Book Reviews, Fantasy, Historical Fiction, Memoir, Middle Grade, Other

Books I Read for #BlackHistoryMonth 2019 + Mini Book Reviews


Hello bookworms!

Today I am going to share with you all a few mini book reviews of the books I read in honor of #BlackHistoryMonth 2019!

In case you missed it, I also shared a few book lists of recommended Black History Month reads…

Book Recs: Books to Read for #BlackHistoryMonth

Kids’ Corner: Picture Books to Read in Honor of #BlackHistoryMonth

Divider2» Akata Witch(Akata Witch #1) by Nnedi Okorafor



5-Star Rating System

*4.5 Stars*

Genre: Young Adult Fantasy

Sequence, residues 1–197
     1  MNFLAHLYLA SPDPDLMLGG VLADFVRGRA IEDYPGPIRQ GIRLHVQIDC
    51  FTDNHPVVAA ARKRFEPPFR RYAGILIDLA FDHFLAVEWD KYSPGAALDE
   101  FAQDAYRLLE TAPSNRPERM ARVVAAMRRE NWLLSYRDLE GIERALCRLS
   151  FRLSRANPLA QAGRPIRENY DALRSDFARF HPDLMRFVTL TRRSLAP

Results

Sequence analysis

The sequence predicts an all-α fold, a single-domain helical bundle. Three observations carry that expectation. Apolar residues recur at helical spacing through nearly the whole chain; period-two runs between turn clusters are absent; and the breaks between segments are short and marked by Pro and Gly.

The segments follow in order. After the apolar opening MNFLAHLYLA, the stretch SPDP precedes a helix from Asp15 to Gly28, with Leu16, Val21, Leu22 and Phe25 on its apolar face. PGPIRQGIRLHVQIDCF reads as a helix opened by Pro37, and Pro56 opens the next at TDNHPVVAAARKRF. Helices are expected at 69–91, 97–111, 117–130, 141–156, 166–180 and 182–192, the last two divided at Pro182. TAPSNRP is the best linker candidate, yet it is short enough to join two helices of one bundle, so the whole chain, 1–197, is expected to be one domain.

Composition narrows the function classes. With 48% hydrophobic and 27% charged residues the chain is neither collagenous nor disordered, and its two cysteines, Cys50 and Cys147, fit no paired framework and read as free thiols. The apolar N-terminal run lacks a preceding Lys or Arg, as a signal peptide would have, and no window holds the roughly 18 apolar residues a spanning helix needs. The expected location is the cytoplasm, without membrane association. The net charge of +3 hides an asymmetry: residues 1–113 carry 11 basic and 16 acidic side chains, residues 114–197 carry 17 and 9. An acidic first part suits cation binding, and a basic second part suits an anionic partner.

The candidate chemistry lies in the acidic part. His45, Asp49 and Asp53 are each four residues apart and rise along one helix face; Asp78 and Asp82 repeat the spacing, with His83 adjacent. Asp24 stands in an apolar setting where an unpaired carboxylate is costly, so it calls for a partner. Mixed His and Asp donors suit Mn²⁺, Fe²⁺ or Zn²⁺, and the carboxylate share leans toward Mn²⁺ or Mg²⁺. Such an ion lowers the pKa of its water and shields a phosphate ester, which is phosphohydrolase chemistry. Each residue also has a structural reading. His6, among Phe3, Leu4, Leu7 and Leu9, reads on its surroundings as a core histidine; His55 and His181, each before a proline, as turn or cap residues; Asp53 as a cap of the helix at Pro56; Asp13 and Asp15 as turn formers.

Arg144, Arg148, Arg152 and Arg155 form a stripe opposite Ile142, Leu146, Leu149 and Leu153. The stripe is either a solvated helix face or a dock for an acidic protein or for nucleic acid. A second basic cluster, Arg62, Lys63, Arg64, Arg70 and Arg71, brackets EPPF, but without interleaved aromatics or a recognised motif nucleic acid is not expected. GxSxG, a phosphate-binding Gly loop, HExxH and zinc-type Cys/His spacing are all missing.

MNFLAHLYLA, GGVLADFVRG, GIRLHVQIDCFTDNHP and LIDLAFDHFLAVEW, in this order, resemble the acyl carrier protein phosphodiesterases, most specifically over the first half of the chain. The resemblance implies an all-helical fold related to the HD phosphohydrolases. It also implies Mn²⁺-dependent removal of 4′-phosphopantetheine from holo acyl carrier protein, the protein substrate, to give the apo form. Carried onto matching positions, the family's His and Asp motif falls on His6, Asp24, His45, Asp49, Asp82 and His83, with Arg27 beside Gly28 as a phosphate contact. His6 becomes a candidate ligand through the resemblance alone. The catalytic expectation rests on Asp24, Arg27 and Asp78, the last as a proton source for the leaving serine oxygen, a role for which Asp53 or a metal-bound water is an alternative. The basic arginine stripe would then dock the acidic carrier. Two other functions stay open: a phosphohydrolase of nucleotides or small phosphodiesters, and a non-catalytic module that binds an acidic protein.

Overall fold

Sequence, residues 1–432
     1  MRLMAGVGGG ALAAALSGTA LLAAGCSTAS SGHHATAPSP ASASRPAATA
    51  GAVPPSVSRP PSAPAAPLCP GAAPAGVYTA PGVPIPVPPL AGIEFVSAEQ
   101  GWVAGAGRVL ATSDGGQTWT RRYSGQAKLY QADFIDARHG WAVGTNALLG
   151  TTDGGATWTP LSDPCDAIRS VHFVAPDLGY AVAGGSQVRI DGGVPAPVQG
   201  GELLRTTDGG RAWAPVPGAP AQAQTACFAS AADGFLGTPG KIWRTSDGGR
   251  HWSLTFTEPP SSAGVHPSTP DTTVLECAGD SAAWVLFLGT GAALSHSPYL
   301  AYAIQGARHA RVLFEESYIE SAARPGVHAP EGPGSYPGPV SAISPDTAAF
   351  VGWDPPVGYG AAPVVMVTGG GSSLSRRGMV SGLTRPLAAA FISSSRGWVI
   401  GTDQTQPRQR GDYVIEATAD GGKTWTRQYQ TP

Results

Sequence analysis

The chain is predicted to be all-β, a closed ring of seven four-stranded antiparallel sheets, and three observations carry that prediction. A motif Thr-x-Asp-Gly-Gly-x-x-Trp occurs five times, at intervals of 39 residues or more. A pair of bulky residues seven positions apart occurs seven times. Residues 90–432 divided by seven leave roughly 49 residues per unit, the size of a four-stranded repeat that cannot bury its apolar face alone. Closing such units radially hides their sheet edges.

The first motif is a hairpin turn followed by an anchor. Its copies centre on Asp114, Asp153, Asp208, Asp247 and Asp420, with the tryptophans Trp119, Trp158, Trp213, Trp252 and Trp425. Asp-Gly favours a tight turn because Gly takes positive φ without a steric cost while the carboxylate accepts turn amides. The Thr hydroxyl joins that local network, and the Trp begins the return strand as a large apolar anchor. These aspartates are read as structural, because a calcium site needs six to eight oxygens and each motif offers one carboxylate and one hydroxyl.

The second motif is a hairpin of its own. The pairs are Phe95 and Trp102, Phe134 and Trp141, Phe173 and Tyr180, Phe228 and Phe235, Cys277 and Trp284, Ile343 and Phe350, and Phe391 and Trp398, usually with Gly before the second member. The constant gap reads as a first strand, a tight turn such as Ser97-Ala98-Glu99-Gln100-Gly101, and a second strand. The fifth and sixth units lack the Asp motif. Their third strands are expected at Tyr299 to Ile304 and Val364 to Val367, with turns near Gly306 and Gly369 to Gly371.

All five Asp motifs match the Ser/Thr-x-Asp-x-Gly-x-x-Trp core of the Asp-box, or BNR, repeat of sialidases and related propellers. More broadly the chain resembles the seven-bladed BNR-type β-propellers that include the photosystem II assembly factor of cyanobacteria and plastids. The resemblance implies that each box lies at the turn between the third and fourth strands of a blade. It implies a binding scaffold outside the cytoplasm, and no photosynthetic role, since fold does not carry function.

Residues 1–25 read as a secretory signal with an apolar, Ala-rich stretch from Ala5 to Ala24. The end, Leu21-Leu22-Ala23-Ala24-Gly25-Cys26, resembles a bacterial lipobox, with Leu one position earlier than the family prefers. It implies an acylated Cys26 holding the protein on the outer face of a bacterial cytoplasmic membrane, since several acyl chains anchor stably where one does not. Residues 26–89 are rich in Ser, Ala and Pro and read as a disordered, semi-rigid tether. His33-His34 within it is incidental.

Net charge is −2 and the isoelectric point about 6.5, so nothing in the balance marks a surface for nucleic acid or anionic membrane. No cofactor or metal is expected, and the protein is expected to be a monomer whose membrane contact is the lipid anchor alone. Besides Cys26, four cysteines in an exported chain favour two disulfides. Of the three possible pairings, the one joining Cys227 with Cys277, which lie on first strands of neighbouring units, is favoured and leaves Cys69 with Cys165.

I first fell in love with Nnedi Okorafor’s writing after reading her Binti series.   I knew I wanted to read more of her work, so I decided to give her Akata Witch series a go.  While it was going to be hard to top the Binti series for me, I really enjoyed this book!  It even gave me mild “Harry Potter feels.”  Akata Witch has been called “The Nigerian Harry Potter,” which I can see because of similar elements, but Akata Witch stands on it’s own.

One of the most intriguing things about this book when I read the book description was that the main character is albino.  I have never read a character with albinism before, so I was delighted to read a new perspective.  I cannot imagine there are many books out there with an albino main character, but I can guarantee that if there is, that character isn’t a bad ass Leopard person.